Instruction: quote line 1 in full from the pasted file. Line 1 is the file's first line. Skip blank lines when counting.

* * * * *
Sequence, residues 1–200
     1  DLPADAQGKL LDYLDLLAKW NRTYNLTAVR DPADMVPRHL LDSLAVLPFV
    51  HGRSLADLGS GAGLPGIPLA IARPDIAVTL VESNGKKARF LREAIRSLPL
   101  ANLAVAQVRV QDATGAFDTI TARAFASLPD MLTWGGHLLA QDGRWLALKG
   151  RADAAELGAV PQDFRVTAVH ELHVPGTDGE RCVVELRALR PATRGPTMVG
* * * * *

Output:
Sequence, residues 1–200